British carrier Genie said the instant messenger used by its 5.8 million customers can now interact with people using MSN Messenger--marking the first widespread, "real world" adoption of IM interoperability, or of being able to message someone on a different IM service. The deal will likely fuel the debate about how various systems can work together to create a unified messaging system.
"Bringing a huge, huge number of users, like cell phone owners, into the market is extremely interesting," said Mike Wehrs, Microsoft director of technology and standards for mobility. "You are starting to see some industry forces align, making it advantageous for MSN Messenger to get out to a multitude of people."
For the most part, IM customers can reach buddies only within their own IM system. That results in people having to log on to multiple IM services on their computers to reach various buddies. On a cell phone, messaging is even more limited: Customers can only be logged on to one IM system at a time.
The Genie service, currently in testing, will be launched in January, according to Genie President Kent Thexton.
According to Genie and Openwave Systems, which makes the messaging software, Genie cell phone users will now be able to log on and see buddies that are using either the Genie or the MSN IM service.
Openwave executives say they are in negotiations with both Yahoo and AOL Time Warner to take part in the Genie service. Jonathan Perera, senior director of product management at Openwave, said the company expects to announce a deal with Yahoo soon, and that AOL is "close" to signing on.
Representatives from AOL and Yahoo had no comment.
Gartner analyst Maurene Caplan Grey says that despite the usual Microsoft hype, the MSN Messenger-Genie agreement isn't
the first of its kind: America Online and wireless carrier Sprint
already have a similar arrangement in place.
If other IM services sign up, such as Yahoo and AOL, Genie subscribers would have access to buddies on those services. Subscribers would likely pay a monthly fee for the service.
Also in January, Genie will issue software for a PC that will allow customers to have IM conversations between cell phones and personal computers, the company said in a release.
The various IM services have been guarded its database of IM users from competitors.for years to reach some sort of agreement on how to allow their customers to reach friends on other IM systems. There have been brief windows--literally for just hours at a time--when MSN has worked out a way to reach AOL instant-messaging users, but Microsoft's efforts have been quickly shut down by AOL, which has famously
Although AOL has recently begun interoperability trials with Sun Microsystems and IBM's Lotus Sametime instant messenger, the company has drawn sharp criticism for failing to work more closely with other companies. Last year, IMUnified, a coalition of companies that includes Microsoft, Yahoo, AT&T and Excite@Home, lobbied federal regulators to force AOL to open its IM network as a condition of its merger with Time Warner.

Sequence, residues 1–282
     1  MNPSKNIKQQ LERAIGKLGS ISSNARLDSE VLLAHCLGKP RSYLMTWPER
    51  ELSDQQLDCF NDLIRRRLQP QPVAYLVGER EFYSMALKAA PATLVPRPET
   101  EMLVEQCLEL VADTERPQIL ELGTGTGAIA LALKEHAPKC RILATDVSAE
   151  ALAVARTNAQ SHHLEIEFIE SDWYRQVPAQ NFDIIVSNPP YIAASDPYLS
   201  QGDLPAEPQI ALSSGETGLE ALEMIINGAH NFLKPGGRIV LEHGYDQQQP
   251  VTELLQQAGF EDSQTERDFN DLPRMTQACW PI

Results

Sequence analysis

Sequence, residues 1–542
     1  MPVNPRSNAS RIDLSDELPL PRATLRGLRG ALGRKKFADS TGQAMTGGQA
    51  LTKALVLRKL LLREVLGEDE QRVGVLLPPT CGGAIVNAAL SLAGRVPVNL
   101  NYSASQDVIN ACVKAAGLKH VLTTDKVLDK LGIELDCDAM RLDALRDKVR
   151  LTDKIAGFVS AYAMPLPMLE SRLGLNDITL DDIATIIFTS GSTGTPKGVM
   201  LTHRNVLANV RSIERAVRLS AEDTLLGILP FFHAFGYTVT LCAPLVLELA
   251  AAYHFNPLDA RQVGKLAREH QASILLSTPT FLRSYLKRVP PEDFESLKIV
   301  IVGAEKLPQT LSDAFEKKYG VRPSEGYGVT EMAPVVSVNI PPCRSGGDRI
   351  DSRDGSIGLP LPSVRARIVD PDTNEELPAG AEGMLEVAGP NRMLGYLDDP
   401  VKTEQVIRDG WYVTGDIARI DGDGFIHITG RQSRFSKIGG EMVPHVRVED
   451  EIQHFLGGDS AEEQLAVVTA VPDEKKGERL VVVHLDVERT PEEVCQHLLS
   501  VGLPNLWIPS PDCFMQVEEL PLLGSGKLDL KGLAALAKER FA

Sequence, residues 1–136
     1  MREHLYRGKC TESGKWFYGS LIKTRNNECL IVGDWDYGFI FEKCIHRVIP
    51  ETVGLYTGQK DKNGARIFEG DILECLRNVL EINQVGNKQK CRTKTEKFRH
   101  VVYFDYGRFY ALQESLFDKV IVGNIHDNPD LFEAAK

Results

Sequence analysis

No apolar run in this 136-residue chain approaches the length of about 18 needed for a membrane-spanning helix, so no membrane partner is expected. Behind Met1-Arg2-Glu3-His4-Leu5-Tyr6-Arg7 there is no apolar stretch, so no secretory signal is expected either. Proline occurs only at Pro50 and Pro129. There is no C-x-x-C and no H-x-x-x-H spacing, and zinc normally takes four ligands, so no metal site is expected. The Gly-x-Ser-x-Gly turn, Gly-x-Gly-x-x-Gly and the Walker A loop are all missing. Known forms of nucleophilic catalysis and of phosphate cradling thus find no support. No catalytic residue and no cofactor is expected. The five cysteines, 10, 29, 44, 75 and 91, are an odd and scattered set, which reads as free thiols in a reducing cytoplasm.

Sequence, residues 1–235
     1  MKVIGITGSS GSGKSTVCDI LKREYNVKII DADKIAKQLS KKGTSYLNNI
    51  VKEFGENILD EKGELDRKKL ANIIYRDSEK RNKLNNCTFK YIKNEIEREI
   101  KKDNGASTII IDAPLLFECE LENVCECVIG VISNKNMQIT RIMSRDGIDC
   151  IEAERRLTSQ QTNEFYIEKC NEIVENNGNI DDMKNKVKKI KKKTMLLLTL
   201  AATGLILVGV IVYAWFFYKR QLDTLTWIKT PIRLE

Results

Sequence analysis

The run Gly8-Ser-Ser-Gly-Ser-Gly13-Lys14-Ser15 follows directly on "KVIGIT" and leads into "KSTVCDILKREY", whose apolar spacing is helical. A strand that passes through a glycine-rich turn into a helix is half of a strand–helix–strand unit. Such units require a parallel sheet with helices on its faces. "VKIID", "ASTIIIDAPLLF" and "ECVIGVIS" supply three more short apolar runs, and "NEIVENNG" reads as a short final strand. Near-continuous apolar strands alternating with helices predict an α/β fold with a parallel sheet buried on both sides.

Analysts say AOL might be more inclined to work on a wireless IM plan, since there is a way to make money off using cell phones to send messages. Aside from paying for Internet access, sending a message on a computer is free, and it's free to sign up for the service. As a result, IM companies are searching for ways to make money, such as Yahoo recently exploring ways to send ads to its IM customers.
AOL, on the other hand, views its IM product as a way to keep its growing base of Internet access subscribers.
But messaging on wireless devices, especially cell phones, isn't free. Carriers like Genie are likely to charge an additional monthly fee for consumers to participate. Carriers also earn money from the extra airtime spent sending messages. Either way, there is a way to charge for instant messaging, creating revenue that carriers can then split with AOL, Yahoo, MSN or other companies, analysts said.
"This will definitely give them more incentive," said Keith Waryas, a wireless analyst with IDC. "The question is whether or not it's enough to abandon their old school of thought."
Added Alan Reiter, president of consulting firm Wireless Internet & Mobile Computing: "AOL could use this as a test to see its viability, without having to open its crown jewels. It doesn't surprise me to hear that AOL is interested. Major service providers like AOL have all adopted wireless into their strategies."
While the service launched by Genie and Microsoft opens the door to interoperability, it still won't let a Yahoo IM member send a message directly to someone from AOL. Even if Genie signs up both Yahoo and AOL to its service, customers still need to go through Genie to communicate with buddies from those services.
It remains to be seen how any agreement reached with other major IM carriers will work out conflicts such as having duplicate logon names in different systems--for example, trying to reach a Yahoo customer called "robertw" and reaching an AOL customer that has the "robertw" logon name in that system.
Several companies, such as Ruksun Software Technologies, Tribal Voice and Odigo, have released software that would allow IM customers to talk to each other, but none has been widely adopted by the industry. For Mac users, an application called Fire made by Epicware connects to AIM, ICQ, MSN Messenger and Yahoo Messenger networks, among others. But the Openwave software is the first to be adopted by major IM providers and put to use.
Another British carrier, British Telecommunications, also is working with Openwave to set up a similar IM system, and Vodafone is in talks with a different software company for a similar project.